Democrats put up strong resistance against early deliberation of 'peace' plan
Turmoil rocked the House of Representatives yesterday as the opposition Democrats put up tough resistance to the controversial reconciliation report, which had been tabled for deliberation.
After four hours of high tension, the House of Representatives voted 348-162 to begin disscussion on the controversial reconciliation report.
The Democrats insisted before the vote that the report should not be deliberated because it had not been properly approved by the ad hoc House committee chaired by ex-coup leader General Sonthi Boonyaratglin.
In a session marred by boos and protests, House Speaker Somsak Kiatsuranont tried in vain to call a vote to clear the way for deliberation. His attempts led to more boos and protests.
The Democrats focused their attacks on Sonthi, who was ironically defended by the ruling Pheu Thai Party’s MPs throughout yesterday’s turmoil. The opposition MPs repeatedly asked him to tell the House on the record that the report had received his ad hoc committee’s proper approval.
The departure of nine Democrat MPs from the House committee on reconciliation will have no impact on the legislative process to mend fences, members of the panel’s majority said yesterday. Sonthi said he did not think the resignations by committee members of the opposition party would affect its work, because it had completed its mission. He said the committee would next submit its report to Parliament for deliberation.
Coalition chief whip Udomdej Rattanasatien said yesterday: “Recon-ciliation will move forward.”
Udomdej said the nine Democrats resigned after the House of Representatives committee had completed its report within the 150-day deadline. Furthermore, the report was submitted for House deliberation, he added.
Yesterday’s House-Senate session was to be a non-voting meeting giving the green light to the House to debate the reconciliation measures as per the committee’s report, he said.
Since the current parliamentary session is restricted to enacting laws, the House needs endorsement from the Senate if it is to debate a non-legislative issue, such as reconciliation.
The nine Democrat MPs on the House committee on national reconciliation yesterday submitted their resignations to the panel’s chairman at the Parliament building, after a disagreement over its report to be forwarded to Parliament. The Democrats wanted the committee to review its report on reconciliation proposals, which the opposition MPs said contained some inaccurate information.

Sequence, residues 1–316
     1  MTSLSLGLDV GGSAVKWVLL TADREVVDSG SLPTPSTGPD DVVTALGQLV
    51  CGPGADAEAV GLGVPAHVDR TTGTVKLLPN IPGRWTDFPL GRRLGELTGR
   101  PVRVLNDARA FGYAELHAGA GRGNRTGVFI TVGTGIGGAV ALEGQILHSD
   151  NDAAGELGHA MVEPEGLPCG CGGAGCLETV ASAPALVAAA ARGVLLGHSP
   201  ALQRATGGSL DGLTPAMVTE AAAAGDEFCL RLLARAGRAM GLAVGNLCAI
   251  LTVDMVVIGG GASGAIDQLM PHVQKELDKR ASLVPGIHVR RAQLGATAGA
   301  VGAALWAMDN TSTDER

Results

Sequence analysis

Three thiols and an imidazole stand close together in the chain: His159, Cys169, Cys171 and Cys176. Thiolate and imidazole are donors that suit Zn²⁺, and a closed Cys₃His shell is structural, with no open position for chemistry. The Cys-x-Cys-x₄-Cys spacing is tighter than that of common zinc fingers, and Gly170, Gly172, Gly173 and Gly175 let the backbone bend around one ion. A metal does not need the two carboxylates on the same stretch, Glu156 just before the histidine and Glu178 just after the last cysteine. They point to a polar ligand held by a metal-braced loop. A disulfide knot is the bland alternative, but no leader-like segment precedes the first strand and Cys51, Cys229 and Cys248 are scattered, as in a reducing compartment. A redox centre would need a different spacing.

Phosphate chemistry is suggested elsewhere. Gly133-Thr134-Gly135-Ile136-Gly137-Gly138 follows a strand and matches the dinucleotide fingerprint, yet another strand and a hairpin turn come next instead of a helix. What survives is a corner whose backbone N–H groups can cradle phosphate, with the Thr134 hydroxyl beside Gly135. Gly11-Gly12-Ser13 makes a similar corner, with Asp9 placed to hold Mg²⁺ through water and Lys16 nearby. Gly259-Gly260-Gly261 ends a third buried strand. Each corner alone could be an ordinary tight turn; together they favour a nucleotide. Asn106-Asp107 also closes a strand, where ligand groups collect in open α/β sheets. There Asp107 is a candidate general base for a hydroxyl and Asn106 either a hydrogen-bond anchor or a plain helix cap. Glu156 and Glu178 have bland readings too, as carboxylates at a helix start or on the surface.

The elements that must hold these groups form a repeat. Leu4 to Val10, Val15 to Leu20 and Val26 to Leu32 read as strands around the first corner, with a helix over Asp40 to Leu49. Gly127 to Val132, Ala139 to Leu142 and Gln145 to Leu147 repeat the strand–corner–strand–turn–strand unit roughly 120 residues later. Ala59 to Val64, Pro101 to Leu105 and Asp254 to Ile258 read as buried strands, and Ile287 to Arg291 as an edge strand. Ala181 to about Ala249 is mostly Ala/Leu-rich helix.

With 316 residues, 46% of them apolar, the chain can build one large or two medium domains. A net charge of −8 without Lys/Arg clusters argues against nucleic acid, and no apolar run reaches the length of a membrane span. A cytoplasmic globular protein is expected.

However, the majority of the panel, including many MPs from the ruling Pheu Thai Party, voted to endorse the report.
Sonthi, the panel chairman, turned down the Democrat MPs’ request for a meeting to discuss adjustments to the report, insisting that the committee’s deliberation was complete and there would be no review, according to Democrat Nipit Intarasombat, one of the nine panel members resigning yesterday.
“We, the nine committee members, see that the committee’s report contains many mistakes that could cause damage in the future. We can no longer work with this committee, so we have resigned from it,” Nipit said.
Sonthi, a former Army chief who led the 2006 coup and now heads a small political party, declined to answer a question on whether the Democrats’ resignations would adversely affect reconciliation efforts. Sonthi walked away from a group of reporters at Parliament.
Speaking after the nine Democrats submitted their resignations, Nipit said Sonthi earlier wanted them to hand him their resignations in an area on the second floor of the Parliament building that is off limits to the media. The opposition MP said he suspected Sonthi did not want to answer questions from reporters.
Earlier, Nipit said the panel’s report was likely to be deliberated by Parliament next week so that a decree for amnesty would be issued soon. He added that proponents of the law were expected to cite state security in having it issued in the form of a decree, and not an act.
Democrat MP Ong-art Klampai-boon, another of the nine outgoing committee members, said his party supported the idea of national reconciliation but disagreed with the obvious attempt to rush the process of issuing an amnesty law. He did not think it was right to force reconciliation measures through by majority vote. That would be against the principle of reconciliation, he said.
Meanwhile, Pheu Thai MP Samart Kaewmechai, speaking in his capacity as deputy chairman of the committee for reconciliation, denied Democrat allegations that the panel had drawn hasty conclusions and neglected to review the reconciliation measures, as recommended by King Prajadhipok’s Institute.